I graduated from school young, in the conviction that my entire happiness was to consist in books. I came to Leipzig, a place where one could see the whole world in small size. For the first few months I lived an even more sequestered life than I had lived in Meissen. Always among my books, occupied only with myself, I rarely thought of other people or, perhaps, of God. . . . This state, however, did not last long. My eyes were opened—should I say fortunately, or unfortunately, for me? The future will decide which is the case. I came to see that books would make me a scholar, but never a man. I ventured forth among my fellows. Good God! What a difference I perceived between myself and them! A boorish shyness, a neglected and awkward body, utter ignorance of the manners of society, a gloomy, unfriendly bearing in which every one believed he could read my contempt for him—these were the good qualities that my self-criticism disclosed. I felt such shame as I had never felt before. The effect was a fixed determination to better myself in this, cost what it may. You know what I started. I learned to dance, to fence, to vault. . . . I advanced so far in these things that those who, in anticipation, had denied me all talent in these respects came to admire me in some degree. My body had become a bit more suitable, and I sought society in order that now I might also learn to live. I laid aside serious books for a time in order to make myself acquainted with others, which are far more pleasant, and perhaps quite as useful. I took up comedies first. It may seem unbelievable, but they rendered great service to me. From them I learned to distinguish between good and forced behavior and between rude and natural behavior. From them I learned to know true and false virtues, and learned that vices would disappear because of their ridiculousness and shamefulness. (Letter to his mother of 20 January 1749.)7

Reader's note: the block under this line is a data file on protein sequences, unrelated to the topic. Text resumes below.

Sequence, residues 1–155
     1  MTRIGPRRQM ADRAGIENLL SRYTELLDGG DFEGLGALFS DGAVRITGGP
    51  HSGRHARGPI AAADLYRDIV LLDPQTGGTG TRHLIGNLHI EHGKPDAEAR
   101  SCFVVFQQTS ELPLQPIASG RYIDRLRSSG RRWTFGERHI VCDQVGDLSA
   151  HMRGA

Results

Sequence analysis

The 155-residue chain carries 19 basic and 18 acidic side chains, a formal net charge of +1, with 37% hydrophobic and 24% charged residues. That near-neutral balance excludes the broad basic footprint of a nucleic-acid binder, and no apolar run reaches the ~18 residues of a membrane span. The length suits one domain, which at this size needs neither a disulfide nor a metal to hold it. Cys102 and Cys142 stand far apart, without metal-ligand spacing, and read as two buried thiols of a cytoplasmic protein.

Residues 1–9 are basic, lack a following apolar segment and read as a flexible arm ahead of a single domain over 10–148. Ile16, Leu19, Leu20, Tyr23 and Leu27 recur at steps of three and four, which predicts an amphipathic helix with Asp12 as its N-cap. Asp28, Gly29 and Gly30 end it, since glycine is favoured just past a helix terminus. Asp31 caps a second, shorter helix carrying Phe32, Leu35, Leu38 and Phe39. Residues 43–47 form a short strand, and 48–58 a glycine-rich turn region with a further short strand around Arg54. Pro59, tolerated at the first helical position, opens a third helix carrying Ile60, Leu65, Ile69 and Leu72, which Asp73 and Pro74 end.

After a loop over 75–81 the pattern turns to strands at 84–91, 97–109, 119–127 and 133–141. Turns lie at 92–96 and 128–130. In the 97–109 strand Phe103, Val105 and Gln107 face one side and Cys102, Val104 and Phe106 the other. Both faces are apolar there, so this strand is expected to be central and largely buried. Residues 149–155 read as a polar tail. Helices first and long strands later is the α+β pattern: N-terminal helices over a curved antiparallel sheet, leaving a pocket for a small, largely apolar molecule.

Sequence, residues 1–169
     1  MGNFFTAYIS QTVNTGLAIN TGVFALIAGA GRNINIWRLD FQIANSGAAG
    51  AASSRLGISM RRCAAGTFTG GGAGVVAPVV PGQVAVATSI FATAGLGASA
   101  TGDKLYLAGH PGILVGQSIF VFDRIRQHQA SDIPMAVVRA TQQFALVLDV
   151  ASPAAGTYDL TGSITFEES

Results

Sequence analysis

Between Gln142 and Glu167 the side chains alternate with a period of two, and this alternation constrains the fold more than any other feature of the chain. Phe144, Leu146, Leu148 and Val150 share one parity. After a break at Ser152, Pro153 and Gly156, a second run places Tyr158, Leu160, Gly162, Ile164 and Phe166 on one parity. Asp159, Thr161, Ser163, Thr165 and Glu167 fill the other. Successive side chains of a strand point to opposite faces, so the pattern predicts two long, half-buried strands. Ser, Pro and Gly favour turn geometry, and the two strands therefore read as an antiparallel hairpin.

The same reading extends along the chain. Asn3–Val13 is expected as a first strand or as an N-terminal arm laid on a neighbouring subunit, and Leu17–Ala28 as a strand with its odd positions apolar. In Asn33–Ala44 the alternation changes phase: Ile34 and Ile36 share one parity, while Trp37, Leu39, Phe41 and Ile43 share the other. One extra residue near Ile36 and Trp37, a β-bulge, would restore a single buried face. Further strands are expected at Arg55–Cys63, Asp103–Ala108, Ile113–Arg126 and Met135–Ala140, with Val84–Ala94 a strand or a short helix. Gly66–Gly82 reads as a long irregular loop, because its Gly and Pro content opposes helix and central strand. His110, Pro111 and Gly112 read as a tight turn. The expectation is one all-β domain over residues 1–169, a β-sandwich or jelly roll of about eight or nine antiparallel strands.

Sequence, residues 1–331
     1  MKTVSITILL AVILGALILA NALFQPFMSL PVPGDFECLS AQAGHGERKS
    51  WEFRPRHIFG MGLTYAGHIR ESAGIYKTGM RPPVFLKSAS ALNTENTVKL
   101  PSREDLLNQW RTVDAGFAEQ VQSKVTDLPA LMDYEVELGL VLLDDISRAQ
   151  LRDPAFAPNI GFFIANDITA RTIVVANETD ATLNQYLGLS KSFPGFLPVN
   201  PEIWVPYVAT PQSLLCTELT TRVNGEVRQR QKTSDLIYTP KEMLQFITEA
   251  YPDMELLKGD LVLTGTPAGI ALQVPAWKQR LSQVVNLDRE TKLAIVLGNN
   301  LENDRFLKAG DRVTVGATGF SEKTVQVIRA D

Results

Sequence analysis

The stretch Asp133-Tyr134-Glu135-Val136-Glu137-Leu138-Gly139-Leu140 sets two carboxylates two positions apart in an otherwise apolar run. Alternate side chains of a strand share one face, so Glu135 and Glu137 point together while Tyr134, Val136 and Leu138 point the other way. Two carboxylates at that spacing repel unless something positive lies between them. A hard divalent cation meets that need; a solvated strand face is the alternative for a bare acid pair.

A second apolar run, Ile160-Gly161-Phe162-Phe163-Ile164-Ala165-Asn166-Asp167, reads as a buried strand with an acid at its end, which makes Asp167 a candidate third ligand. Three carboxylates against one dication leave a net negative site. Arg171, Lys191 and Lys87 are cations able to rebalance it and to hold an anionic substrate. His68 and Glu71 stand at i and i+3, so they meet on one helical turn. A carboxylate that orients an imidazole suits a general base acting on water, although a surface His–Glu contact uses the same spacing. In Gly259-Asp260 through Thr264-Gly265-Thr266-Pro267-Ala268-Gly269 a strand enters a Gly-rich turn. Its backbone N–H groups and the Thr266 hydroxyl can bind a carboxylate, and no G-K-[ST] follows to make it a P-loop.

Frequenting local theaters and spending excessive amounts of time in the company of playwrights, actors, and actresses eventually caused Lessing to drop out of the university To the great disappointment of his parents, he fled to Berlin to lead a hand-to-mouth life as a cub writer and editor. He hoped to become someday "a German Molière" (ein deutscher Molière)} But in the eyes of his devout parents, his wish to become a writer of comedies was painfully like the biblical parable of the prodigal son. Worrying about his son's spiritual condition and salvation, the father-pastor wrote stern letters remonstrating against his seemingly immoral life. In reply to one of these letters, the twenty-year-old freelance journalist defended himself with the following memorable words: